The answer is that the rape acted as the trigger for an older, and deeper, anger in people — one that has been smouldering for years in their hearts. This stems from a profound sense of betrayal. Democracy was meant to empower them. Instead, in a way that few of them understand even today, it has done the exact opposite.
Empowerment requires the rule of law. People feel empowered only when they know that they have rights, and that the institutions of government exist, first and foremost, to enforce them. The rule of law is, however, only another name for justice. Empowerment therefore requires justice. The bedrock from which the anger that erupted on December 17 sprang is the denial of justice. In spite of being a democracy for 65 years, the Indian state has not been able to create something that people value even more than material benefits: a just society. It has achieved this unique feat by making both its elected legislators and its bureaucracy, not to mention its lower judiciary, immune to accountability. It has therefore become a predatory state that the people have learned to fear.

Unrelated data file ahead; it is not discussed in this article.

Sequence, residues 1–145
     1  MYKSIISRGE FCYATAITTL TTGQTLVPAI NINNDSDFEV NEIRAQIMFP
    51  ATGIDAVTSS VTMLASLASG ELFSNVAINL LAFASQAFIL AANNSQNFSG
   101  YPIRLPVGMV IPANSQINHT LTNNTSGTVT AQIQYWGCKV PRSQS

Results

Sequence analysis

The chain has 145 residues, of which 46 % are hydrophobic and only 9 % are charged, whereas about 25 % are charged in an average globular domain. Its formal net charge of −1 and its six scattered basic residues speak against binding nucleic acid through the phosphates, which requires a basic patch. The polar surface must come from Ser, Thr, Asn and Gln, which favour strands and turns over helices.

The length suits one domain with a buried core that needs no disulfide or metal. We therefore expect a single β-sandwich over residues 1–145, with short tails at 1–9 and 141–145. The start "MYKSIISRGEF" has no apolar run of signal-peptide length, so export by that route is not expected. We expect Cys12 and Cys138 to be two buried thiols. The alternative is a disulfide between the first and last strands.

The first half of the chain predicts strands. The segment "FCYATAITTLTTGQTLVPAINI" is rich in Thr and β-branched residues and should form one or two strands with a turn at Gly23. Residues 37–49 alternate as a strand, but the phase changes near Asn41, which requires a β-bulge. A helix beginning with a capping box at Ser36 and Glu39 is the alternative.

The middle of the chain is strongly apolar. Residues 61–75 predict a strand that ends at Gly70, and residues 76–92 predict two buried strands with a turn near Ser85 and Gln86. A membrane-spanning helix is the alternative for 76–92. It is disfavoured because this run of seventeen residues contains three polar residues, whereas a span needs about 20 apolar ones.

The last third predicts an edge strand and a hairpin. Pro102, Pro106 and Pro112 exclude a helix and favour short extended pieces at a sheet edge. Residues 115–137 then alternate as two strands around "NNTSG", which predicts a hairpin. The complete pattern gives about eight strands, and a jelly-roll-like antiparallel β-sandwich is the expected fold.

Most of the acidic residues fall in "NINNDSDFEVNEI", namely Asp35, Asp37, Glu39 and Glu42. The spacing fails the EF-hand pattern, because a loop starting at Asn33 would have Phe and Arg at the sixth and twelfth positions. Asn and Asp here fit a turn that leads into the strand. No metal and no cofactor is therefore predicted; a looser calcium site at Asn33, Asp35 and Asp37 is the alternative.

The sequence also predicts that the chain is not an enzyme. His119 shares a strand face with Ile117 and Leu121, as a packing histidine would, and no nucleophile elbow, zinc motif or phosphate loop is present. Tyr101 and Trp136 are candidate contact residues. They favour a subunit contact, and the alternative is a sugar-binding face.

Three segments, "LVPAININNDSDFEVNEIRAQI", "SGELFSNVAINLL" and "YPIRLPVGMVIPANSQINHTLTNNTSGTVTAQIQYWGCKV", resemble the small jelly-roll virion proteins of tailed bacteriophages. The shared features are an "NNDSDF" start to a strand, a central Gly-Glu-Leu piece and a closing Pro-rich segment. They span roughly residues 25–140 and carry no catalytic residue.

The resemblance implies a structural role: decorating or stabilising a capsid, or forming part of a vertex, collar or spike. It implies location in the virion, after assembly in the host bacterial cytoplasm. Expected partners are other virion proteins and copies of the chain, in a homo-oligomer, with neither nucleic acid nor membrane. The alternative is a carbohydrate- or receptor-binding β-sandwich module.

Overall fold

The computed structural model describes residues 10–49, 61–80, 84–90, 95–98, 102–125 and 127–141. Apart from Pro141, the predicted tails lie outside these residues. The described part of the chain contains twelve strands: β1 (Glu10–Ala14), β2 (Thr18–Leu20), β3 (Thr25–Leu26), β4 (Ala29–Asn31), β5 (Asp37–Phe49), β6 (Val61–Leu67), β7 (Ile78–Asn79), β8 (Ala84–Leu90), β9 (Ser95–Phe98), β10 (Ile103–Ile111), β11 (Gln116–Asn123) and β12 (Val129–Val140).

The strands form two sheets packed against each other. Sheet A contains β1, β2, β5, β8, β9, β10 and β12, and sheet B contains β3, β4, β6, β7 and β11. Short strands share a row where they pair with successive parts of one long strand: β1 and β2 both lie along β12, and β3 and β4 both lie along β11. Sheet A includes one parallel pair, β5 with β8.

The hallmark of the predatory state is the universality of extortion. In India, we regularly lump extortion together with bribery under the generic title of corruption. In doing so, even the most ardent of reformers inadvertently conspire with the predators to hide the true, ugly, face of our democracy. Bribery and extortion are, in fact, two entirely different forms of predatory behaviour, and have markedly different effects upon the relationship of state with society.